analyzing at least a portion of said bulk dye-containing polymer so to characterize said bulk dye-containing polymer with respect to a predetermined optical property; and
dividing said bulk dye-containing polymer so as to yield particles having the same optical property as that determined for said bulk dye-containing polymer.

This is a continuation of copending application Ser. No. 07/306,951 filed on Feb. 3, 1989, now abandoned.


The invention relates to a method for the preparation of a dye-containing polymer to be used for the spectroscopic analysis of samples. Such dye containing polymers are used, for example, in fiber optical sensors for the determination of the pH value or of the concentration of oxygen or of the concentration of carbon dioxide in the blood of a patient.

A method of that kind is known from U.S. Pat. No. 4,194,877. In the known method an emulsion polymerization of acrylamide, bisacrylamide and a dye is per formed. In this known method, the dye/acryl/polymer composition is produced in the form of small spheres. Unfortunately, the small spheres produced by this method can have very different sizes and can have highly variable dye concentrations. This is particularly disadvantageous in applications (e.g. in pH measurements) where the dye-containing polymer needs to be as homogeneous as possible.


In accordance with the disclosed preferred embodiment of the invention, a method is presented for preparing dye-containing polymer particles having sufficiently uniform chemical and physical properties that they are useful in spectroscopic analysis. The dyed polymer is prepared as bulk polymer so that a chemically, optically and mechanically homogeneous material is obtained. Thin slices of the bulk material are analyzed to determine whether the optical, chemical and physical properties of the bulk gel are suitable for use, in powder form, in analytical sensors. The bulk polymer is ground by methods suitable for producing polymer particles which have the same optical, mechanical, and chemical properties as the bulk polymer from which they have been produced. In this manner, the properties of the dyed polymer are determined by the properties of the bulk polymer. These particles are then used in a spectroscopic sensor. It is a particular advantage of this method that, since the optical and mechanical properties of the polymer particles are determined by the properties of the bulk dye-containing polymer, those polymers that do not meet the requirements of the respective application can be easily detected and rejected. Thus, it can be ensured, for example, that, for different sensors, the respective dye-containing polymer fillings have substantially the same properties.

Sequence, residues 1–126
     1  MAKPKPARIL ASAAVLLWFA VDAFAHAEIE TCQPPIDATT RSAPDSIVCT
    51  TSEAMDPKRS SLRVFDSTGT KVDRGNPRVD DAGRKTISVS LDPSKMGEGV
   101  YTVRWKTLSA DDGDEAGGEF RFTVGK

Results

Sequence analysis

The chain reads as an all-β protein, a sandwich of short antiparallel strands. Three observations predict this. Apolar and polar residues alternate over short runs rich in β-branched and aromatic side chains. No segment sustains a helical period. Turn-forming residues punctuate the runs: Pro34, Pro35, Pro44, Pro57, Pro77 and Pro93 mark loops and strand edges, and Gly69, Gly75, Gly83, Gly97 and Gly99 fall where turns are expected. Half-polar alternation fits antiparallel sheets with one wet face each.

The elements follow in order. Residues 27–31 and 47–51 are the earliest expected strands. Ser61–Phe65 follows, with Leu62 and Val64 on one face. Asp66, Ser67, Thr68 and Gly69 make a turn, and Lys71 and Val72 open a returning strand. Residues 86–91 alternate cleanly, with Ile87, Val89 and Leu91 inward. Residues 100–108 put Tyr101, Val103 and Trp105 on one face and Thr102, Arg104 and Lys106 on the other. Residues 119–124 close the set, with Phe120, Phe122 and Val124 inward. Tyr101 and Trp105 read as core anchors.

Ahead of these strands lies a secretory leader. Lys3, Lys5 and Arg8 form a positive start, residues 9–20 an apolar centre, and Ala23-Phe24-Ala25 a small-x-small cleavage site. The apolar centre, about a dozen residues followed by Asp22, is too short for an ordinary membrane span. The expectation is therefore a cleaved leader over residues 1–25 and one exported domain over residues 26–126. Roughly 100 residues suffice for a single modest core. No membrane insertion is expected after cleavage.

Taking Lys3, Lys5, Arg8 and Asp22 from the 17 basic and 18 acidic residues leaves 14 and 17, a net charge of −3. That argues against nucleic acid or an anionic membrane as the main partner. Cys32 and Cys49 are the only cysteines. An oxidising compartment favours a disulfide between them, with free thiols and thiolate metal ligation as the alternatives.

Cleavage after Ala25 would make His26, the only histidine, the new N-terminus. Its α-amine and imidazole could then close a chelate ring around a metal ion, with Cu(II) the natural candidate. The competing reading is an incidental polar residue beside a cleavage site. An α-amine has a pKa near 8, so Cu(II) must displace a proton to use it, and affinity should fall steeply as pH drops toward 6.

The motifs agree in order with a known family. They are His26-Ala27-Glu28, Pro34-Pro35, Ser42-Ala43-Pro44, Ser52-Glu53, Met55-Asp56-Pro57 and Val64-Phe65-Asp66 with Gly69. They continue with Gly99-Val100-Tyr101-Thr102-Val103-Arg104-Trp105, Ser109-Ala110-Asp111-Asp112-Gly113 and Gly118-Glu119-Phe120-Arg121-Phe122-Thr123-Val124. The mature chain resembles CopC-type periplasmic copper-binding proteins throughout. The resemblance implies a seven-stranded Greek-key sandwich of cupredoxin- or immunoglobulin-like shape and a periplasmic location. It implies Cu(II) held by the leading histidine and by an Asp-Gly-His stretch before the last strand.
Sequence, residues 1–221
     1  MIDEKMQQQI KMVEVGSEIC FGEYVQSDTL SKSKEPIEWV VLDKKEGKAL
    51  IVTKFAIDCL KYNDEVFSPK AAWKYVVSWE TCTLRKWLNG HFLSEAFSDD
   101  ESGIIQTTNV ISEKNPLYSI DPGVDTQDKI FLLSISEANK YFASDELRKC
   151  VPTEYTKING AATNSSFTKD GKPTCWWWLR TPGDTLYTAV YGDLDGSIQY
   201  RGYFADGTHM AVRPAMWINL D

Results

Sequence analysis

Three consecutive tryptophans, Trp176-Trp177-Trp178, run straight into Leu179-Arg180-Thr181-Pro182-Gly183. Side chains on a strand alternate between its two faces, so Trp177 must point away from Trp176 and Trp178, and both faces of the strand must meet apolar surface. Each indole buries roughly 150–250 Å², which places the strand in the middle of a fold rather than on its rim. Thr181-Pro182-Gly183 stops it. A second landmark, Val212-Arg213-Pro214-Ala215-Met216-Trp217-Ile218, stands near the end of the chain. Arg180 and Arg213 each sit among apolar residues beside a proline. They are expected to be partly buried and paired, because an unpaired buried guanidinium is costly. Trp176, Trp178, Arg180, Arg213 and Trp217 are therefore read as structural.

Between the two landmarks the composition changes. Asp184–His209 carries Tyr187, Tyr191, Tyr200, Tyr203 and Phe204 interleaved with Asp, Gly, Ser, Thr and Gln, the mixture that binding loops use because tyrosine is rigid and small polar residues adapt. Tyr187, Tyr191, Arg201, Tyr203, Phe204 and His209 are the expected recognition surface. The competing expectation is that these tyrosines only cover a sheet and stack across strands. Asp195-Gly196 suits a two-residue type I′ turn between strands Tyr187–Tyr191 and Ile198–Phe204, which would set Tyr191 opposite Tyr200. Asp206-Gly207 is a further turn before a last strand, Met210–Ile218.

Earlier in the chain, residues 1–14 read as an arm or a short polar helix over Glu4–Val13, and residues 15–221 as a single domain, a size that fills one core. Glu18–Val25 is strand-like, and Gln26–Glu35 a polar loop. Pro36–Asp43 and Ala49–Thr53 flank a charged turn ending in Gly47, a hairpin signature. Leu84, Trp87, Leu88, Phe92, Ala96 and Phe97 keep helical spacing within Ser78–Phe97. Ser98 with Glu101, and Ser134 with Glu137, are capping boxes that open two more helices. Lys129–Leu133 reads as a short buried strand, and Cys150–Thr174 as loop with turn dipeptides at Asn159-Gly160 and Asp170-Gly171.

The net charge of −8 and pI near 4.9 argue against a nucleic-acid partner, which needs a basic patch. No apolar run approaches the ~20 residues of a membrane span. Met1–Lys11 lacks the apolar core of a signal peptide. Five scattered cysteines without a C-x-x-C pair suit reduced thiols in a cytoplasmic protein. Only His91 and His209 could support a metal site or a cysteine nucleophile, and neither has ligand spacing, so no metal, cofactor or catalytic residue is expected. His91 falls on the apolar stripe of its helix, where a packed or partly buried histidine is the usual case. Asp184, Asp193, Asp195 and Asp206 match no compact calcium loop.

According to one embodiment of the invention, the thin sections, for analysis in a spectrometer, are cut from the same block of bulk dye-containing polymer as is ground to produce the polymer particles. The thin sections can be cut by use of a vibrating knife or by freezing the gel and then cutting the slices with microtomes.

In a second embodiment of the invention, a set of parallel plates are immersed in the monomer during polymerization. Thin coatings of the polymer form on the surfaces of these plates during the polymerization process. These thin coatings are used as thin slices of the polymer for use in analyzing the bulk polymer. Because these thin slices are formed from the same monomer source as is formed the bulk polymer, analysis of these thin polymer slices will also characterize the bulk polymer.